Eighth Circuit Rejects Cross-Section Jury Challenge
Mar 27th, 2014
In those increasingly rare cases that go to trial, the defendant is entitled to a jury “selected from a fair cross-section of the community.” Defendants like Carlous Horton can be surprised to learn that this doesn’t mean a jury pool, much less an actual jury, that actually reflects racial, gender and economic demographics (in Horton’s case, for example, his pool had no African-American jurors). Rather, the defendant is entitled to a jury selection plan that does not systematically exclude a distinctive group in the community. In United States v. Horton, issued on March 24, 2014, the Eighth Circuit rejected Horton’s challenge to the Western District of Missouri’s jury selection plan, noting that one venire panel without any African-American jurors does not demonstrate “systematic exclusion.”
There is a lot of research, however, indicating that jury systems across the country under-represent African-Americans and Latinos. So what would a successful cross-section challenge look like? In an excellent article published in The Champion last December, The 16 Things Every Defense Lawyer Should Know About Fair Cross Section Challenges, Nina Chernoff and Joseph Kadane explain clearly the relevant rules and strategies. The key is early discovery (which is available as a matter of right, without any additional affirmative showing). As they elaborate:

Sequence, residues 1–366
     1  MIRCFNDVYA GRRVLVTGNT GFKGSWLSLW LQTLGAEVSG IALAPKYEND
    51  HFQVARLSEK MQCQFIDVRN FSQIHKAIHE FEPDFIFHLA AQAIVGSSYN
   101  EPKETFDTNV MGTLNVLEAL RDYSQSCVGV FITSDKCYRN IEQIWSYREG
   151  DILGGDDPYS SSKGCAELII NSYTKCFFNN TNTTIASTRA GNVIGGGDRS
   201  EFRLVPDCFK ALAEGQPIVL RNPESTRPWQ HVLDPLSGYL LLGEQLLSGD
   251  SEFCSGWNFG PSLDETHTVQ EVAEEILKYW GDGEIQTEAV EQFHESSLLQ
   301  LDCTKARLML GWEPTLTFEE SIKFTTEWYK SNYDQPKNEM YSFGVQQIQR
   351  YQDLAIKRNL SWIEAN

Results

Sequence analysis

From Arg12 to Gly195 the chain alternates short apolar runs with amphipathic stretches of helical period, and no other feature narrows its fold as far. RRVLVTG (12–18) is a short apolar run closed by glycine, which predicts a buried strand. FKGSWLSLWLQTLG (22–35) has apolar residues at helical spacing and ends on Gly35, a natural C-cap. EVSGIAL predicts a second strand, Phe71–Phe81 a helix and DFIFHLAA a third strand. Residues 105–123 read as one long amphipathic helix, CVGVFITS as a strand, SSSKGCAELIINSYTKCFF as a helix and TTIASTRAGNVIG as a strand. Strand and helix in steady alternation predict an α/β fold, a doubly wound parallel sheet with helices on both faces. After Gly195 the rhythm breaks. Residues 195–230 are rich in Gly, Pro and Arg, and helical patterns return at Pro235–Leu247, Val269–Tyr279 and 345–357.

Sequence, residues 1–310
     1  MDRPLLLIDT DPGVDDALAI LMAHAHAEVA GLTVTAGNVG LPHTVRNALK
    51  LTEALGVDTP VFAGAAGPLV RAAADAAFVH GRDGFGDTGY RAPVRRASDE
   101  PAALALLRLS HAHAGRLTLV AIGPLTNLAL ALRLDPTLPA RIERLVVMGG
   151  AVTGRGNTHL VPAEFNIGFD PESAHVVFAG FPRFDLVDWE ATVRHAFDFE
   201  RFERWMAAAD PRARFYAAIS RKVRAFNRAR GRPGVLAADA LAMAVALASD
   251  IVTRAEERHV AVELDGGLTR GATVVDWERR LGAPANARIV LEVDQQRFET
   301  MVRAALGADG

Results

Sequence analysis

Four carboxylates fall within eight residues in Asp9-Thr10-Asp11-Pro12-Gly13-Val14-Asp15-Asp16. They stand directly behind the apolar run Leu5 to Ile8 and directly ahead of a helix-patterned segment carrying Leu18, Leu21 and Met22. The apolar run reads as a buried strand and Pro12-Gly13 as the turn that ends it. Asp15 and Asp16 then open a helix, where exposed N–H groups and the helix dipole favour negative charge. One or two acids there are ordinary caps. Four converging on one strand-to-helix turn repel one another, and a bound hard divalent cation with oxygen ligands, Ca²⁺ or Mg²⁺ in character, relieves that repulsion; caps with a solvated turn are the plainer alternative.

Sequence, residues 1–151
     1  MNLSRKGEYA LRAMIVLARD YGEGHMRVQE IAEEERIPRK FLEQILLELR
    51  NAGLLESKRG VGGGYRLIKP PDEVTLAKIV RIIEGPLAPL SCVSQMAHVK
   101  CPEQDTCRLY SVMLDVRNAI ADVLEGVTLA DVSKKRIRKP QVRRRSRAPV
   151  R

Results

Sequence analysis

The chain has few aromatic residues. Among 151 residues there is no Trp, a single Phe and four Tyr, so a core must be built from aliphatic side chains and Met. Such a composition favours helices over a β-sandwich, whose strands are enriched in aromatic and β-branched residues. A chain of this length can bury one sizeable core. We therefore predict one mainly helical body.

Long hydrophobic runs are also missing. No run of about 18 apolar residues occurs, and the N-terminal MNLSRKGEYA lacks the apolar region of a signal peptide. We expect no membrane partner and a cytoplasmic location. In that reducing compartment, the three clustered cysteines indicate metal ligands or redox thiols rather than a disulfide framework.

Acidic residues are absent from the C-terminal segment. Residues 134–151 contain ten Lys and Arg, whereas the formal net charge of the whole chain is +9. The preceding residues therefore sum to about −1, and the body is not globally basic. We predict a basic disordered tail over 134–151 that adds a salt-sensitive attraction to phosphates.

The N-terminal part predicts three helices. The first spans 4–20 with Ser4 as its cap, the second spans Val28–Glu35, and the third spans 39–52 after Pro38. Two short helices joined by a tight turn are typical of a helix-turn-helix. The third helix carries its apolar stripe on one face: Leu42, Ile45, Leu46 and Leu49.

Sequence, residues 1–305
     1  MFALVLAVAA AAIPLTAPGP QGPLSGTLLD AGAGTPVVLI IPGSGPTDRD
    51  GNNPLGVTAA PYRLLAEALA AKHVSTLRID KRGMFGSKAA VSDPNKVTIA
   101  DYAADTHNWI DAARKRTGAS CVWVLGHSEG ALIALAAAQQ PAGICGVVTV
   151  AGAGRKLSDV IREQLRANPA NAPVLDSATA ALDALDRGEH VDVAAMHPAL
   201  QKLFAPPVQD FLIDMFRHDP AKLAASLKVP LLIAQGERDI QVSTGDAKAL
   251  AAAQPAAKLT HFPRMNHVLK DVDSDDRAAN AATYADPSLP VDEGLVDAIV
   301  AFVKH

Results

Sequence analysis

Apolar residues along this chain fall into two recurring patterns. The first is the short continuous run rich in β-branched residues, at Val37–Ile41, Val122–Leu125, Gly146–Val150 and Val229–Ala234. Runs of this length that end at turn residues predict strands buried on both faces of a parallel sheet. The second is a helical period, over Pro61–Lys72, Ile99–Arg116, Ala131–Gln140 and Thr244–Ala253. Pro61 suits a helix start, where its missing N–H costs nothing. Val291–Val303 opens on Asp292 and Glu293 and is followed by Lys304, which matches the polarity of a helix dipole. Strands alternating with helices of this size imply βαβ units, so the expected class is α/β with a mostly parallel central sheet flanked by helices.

Because the defense cannot tell by looking at a jury whether the cross-section right is being violated, it is almost always necessary to request discovery about the jury selection system. The question in a cross-section claim is whether steps in the jury selection process that precede the selection of petit jurors fail to include representative numbers of groups in the community. Typically only the court and jury selection system have access to information about those preliminary stages of the selection process. Therefore, a defendant cannot substantiate a cross-section claim without data supplied through discovery . . .
It may also be important for a defense attorney to obtain or request funding for an expert. In some cases, an expert in statistics, computer programming, or jury system operation will be necessary to analyze the jurisdiction’s jury data.